We polished off the hamburgers quickly, wiping sauce from our chins as we returned to the menu to ponder on dessert. Again, the choice is limited, this time to three types of pie baked fresh on the premises every day. I am a sucker for American apple pie, particularly when served with a dollop of ice cream and the ones at The Apple Pan are a perfect example of the genre. A thin crumbly all butter crust breaking to reveal a filling with enough substance to the apples to ensure you are not just presented with a bowl of mush.

We were, if you will forgive the pun, in and out in under half an hour, ideal for a late night supper and a perfect slice of Americana. There are, as I have said, dozens more burger places for me to try when I get to LA and I intend to do my best to give them all a fair hearing. I am sure, however that I shall return for another slice of the action at The Apple Pan. It may not be for a while, but I suspect very little will have changed when I do.

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Anonymous Anonymous said...

Please. Some of us are on the dreaded New Year health drive. Don't do this to us!

Friday, January 08, 2010 6:00:00 pm  
Blogger Unknown said...

That burger is a work of art.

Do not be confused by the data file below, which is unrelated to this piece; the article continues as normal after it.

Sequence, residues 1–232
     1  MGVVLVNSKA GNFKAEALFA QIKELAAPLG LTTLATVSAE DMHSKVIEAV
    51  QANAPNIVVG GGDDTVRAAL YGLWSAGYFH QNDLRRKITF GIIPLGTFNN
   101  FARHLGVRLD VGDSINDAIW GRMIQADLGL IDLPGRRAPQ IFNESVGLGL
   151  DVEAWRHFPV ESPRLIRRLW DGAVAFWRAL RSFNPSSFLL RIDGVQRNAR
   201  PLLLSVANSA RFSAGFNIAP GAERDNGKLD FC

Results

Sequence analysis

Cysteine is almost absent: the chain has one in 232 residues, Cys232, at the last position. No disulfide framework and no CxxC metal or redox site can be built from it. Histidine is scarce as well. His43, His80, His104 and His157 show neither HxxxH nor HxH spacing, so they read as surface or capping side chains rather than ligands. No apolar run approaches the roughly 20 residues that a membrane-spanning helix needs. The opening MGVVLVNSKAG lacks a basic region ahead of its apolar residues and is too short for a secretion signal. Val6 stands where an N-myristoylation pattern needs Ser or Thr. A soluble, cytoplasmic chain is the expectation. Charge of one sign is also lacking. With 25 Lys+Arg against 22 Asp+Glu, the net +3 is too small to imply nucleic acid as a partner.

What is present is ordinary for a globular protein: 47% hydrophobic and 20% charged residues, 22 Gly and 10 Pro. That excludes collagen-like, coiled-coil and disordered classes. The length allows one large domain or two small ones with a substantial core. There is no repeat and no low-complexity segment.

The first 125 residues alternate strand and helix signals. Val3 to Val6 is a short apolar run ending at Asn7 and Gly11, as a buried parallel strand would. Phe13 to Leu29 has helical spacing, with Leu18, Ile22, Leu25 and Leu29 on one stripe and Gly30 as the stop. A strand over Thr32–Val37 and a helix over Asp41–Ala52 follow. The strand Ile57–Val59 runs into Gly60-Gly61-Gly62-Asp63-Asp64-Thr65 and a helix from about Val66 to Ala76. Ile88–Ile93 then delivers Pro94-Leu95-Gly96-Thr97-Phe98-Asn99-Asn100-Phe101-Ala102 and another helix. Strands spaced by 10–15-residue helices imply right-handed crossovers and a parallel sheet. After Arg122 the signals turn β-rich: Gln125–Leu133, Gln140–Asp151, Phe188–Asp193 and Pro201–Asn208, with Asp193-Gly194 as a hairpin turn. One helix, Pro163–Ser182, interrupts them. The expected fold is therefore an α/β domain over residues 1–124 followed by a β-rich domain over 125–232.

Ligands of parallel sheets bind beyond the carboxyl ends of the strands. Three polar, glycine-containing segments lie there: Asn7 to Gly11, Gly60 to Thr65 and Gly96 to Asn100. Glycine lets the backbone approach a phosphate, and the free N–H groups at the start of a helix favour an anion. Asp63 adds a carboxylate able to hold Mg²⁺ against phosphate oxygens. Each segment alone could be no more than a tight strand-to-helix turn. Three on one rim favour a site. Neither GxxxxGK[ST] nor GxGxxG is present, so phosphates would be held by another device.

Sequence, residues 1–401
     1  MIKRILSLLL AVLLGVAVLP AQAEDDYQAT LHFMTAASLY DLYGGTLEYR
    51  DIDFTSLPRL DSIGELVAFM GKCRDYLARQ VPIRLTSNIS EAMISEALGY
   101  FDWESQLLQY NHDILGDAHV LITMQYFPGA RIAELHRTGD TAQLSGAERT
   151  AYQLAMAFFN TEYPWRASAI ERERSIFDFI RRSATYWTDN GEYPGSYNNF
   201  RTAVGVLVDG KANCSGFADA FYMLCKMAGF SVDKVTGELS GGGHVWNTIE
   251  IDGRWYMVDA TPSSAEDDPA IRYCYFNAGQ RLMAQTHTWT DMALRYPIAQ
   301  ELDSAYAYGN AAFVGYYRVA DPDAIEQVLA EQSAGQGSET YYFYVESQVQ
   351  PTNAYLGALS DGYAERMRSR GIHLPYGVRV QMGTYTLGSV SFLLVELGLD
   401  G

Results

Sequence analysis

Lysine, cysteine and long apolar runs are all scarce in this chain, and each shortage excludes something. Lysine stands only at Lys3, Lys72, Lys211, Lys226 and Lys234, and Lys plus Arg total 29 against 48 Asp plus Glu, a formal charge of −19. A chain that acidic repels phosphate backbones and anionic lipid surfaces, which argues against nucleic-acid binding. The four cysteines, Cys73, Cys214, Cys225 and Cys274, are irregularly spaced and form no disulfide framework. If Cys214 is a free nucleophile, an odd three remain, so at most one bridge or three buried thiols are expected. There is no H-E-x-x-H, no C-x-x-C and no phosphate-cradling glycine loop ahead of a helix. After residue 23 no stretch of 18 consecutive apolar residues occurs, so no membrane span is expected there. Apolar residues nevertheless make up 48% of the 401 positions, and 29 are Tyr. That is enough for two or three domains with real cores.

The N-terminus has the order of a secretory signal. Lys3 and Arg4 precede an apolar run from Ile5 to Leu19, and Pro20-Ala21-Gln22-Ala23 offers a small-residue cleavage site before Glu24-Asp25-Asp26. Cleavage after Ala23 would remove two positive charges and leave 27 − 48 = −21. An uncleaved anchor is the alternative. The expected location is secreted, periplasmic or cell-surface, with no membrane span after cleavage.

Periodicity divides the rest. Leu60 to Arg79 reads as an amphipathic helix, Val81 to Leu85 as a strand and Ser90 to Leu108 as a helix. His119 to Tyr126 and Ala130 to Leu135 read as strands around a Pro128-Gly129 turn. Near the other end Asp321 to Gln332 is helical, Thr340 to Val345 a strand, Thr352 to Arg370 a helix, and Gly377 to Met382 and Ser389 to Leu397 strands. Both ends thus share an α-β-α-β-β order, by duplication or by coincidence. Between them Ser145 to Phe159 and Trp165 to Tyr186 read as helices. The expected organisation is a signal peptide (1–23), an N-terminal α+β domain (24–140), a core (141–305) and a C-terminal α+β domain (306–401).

If you ever find yourself in Tennessee, try out breakfast at the Arcade Diner in Memphis. Had some wonderful, heart-stopping food in that city.

Friday, January 08, 2010 10:49:00 pm  
Blogger Unknown said...

Hey! Are you still in LA?

I just finished reading your book tonight, and would love to take you eating if you're still around and are up for it. I've lived here for 15 years and can probably dig up some place you haven't tried yet.

Have you been to Zankou Chicken? Place Yuu? Furaibo? Clementine? Fatburger? Din Tai Fung, home of the soup dumpling? Scoops Gelato? Anywhere in Thai Town? If not, you are missing out.

Saturday, January 09, 2010 7:40:00 am  
Anonymous Paulie said...

This is America at it's best - sticking to what it knows and delivering on time and on budget.

Saturday, January 09, 2010 11:15:00 am  
Anonymous Anonymous said...

"We were, if you will forgive the pun, in and out in under half an hour"

What pun?

Sunday, January 10, 2010 9:19:00 am  
Blogger Hermano 2 said...

"In and Out" "In N' Out"

Sunday, January 10, 2010 4:21:00 pm  
Blogger Sass said...

The Apple Pan burgers and a supercold coke are the best hangover cure EVER.

And have you tried Tommy's burger and/or Fatburger yet?

Sunday, January 10, 2010 9:52:00 pm  
Blogger Hermano 2 said...

@Rachel - pleased to hear you enjoyed the book enough to find the blog. Only in LA for a few more days, but perhaps next visit which will be V soon. If you search under LA, you will find some posts about Din tai Fung, Jitlada and K-town. I am a great fan of LA's ethnic dining.

@Sass - trying to limit my burger intake for health reasons, but Tommy's is on my list. Is Fatburger any good?

Sunday, January 10, 2010 10:16:00 pm  
Anonymous F.Howard said...

And none of the dreaded sesame seeds on the bun(something introduced by Mickey D's to prevent the bun from being crushed in their multi-bun packs-they have a lot to answer for!).

Monday, January 11, 2010 9:18:00 am